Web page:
TEN Melbourne publicist Trish Ricketts passed away last week following a battle with cancer, aged 62.
Her association with TEN began in the late 1960s when she appeared as a contestant on Blind Date, hosted by Graeme Webb. After mentioning she would love to work in television she was offered a secretarial position at ATV-0 Nunawading.
With the exception of a brief period when she left TEN, only to return soon after, her entire adult working life was with one station, moving into Publicity where colleagues remember her as one who has seen it all.
News presenter Mal Walden told TV Tonight, “She was not only a very classy lady with a great sense of humour, she was also someone you could rely upon as a sounding board be it of a personal or professional nature. Knowing that she would respect your confidence was a great attribute in the competitive area of television, and it was that reputation built on fairness and trust that set her apart from the others.
“One her greatest assets was her knowledge of the industry and the fact that she survived so many years at TEN and so many trends over those years. That sort of experience publicity departments simply can’t buy these days.
“She was here for Prisoner, Neighbours, Holiday Island, the success of TEN’s hourly news with David Johnston and Jana Wendt and Jo Pearson, the arrival of Eddie McGuire, Bruce McAvaney, Steve Quartermain, the 80s with the blockbusters like Carson’s Law, Return to Eden, The Thorn Birds, Dismissal, Bodyline and Breakout, the 90s with The Comedy Company, the terrible time when we went into receivership and then The Simpsons-led revival into the nineties.
“She was very much of the ‘old school’ in manners, attitude, in everything. She came up through the ranks, she came up the hard way by being at the forefront of it all. She’s left behind a wealth of memories and many friends and a family who simply adored her.
“I met her in 1987 when she kind of took my hand after I was sacked from Seven in the Fairfax takeover, and she guided me through all the public backlash that followed that event which gave me a lot of support at the time,” said Walden.
In 2004 Ricketts assisted Walden with his ATV history book From the Word Go but neither realised until after publication one of the archival photos from 1967 dating series Blind Date was herself as a teenager.
“It was a coincidence that of all the pics taken from the publicity department at the time, that here was one of the very few pics that survived. So I got it framed for her and gave it to her as a gift,” he said.
“She looks a bit like Twiggy!”
Chief Programming Officer, David Mott said, “Trish was simply an extraordinary person who was the face of warmth and caring over her 30 years at TEN..and a bloody brilliant publicist!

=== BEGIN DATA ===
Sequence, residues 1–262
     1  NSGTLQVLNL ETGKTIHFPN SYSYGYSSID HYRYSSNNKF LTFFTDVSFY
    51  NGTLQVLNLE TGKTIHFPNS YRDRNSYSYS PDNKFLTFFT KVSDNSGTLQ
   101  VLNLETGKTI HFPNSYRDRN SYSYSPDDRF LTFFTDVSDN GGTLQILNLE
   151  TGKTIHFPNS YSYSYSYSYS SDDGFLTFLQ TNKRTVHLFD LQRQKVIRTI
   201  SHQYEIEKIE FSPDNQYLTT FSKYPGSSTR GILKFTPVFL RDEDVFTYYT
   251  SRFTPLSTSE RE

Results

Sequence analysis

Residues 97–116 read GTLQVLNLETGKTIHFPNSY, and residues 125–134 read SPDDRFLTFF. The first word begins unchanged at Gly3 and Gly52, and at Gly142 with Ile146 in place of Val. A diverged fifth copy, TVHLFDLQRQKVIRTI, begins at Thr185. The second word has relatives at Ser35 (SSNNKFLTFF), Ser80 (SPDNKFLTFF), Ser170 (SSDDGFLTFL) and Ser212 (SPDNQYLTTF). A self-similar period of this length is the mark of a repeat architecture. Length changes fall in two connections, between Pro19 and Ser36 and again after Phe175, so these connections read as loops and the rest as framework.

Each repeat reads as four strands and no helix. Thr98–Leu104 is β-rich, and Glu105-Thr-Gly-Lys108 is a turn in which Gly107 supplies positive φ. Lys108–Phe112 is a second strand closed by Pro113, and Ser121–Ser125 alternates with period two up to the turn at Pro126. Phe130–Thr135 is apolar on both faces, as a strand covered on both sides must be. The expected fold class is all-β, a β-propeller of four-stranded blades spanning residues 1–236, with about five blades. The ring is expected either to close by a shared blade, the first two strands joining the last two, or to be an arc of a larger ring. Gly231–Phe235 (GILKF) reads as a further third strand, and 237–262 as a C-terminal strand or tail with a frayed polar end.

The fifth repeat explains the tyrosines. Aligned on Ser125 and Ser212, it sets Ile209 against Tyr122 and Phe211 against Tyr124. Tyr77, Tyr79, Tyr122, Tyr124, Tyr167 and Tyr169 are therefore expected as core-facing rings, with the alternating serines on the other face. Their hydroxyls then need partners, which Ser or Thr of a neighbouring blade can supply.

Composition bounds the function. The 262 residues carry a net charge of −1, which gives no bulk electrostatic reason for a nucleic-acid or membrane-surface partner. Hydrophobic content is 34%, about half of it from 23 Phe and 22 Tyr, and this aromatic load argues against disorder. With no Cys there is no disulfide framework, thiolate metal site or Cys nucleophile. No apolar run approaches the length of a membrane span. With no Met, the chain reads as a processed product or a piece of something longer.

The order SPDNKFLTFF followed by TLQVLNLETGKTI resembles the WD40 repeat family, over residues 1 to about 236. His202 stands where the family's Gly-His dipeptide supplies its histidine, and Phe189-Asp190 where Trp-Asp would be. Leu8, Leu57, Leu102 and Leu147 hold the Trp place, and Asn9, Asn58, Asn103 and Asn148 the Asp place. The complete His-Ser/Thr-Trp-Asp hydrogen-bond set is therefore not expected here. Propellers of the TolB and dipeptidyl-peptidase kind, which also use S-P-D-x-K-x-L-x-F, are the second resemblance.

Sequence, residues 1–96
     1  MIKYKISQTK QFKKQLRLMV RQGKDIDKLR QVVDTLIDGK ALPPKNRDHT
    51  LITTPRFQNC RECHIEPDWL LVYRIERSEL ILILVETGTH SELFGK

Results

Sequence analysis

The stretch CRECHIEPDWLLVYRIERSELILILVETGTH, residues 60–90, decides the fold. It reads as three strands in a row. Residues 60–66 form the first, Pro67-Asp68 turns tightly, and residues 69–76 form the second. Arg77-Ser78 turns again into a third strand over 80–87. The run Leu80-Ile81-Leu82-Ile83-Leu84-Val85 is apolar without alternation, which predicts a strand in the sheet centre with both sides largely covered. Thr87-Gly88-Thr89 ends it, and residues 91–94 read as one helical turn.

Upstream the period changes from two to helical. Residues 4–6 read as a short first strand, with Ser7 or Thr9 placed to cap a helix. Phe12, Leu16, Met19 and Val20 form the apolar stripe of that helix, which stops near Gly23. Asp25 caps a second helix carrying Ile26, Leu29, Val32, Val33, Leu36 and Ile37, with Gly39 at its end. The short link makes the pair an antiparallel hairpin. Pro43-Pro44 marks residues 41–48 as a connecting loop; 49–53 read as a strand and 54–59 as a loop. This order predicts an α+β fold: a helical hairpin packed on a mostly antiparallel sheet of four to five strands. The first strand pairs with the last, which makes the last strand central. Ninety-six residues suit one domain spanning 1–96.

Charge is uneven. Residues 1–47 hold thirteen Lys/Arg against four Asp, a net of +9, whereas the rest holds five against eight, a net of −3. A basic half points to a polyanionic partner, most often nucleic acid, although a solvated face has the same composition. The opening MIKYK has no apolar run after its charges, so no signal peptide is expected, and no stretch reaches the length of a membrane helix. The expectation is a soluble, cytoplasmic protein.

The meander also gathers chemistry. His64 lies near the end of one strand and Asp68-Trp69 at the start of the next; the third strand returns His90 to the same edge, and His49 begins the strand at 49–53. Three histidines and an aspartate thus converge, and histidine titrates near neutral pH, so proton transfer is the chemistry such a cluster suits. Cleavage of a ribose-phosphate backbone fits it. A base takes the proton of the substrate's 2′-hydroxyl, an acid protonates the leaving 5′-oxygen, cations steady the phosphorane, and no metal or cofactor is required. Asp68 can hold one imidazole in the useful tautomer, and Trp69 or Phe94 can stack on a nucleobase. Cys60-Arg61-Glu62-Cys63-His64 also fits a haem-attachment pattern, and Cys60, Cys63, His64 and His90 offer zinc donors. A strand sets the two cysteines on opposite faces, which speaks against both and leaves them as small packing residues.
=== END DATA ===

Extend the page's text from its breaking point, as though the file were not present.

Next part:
“The stories she told of this industry and the ones she could….but didn’t.
“She loved the business and the business loved her. A consummate professional, an ‘old school’ publicist that could work a room as only Trish could!
‘She loved Australian dramas but she was the master of getting a pretty girl and a horse on the front page of a paper for years when we had the Melbourne Cup.
“Trish was truly a remarkable publicist, a classy lady who made an impression on all she came in contact with.
“We miss you Trish.”
TEN’s Melbourne Marketing and Publicity Manager Stephanie Bansemer-Brown said Ricketts knew how to work a room and how to engage with people, recognising the value of connecting with people on a personal level.
“She was a consummate professional. She was my friend, my colleague. When I came over to TEN as a kid she guided me and I would ask questions and she was just so wonderful. A truly generous person,” she said.
“She worked on basketball, racing, Good Morning Australia, co-ordinated Logies, she loved working with Dramas like After the Deluge and CrashBurn. And she did Celebrity Big Brother even though it challenged her. When Ice-T and girlfriend Coco were doing an Australian press tour she thought “They were a little bit alternative,” but she took it all in her stride.
“She was a beautiful person, a sensational publicist and one classy lady.”
Jo’an Papadopoulos, Network Head of Publicity, remembers her as, “A smart, sassy lady with a twinkle in her eye and a turn of phrase that packed a punch.
“Not everyone leaves a mark, an impression, an impact on this industry, Trish did all this and more. Publicity has lost a little fizz in the bubbly, she will be missed by us all, but certainly never forgotten.”
I would also like to add that Trish was an avid reader of TV Tonight. I will fondly remember her taking me under her wing during one crazy TEN function full of corporate sponsors, where I barely knew anybody. And her ‘old school’ ways of having a conversation with you about upcoming shows always left you remembering them and filing a story the next day.
A funeral will be held in Melbourne tomorrow.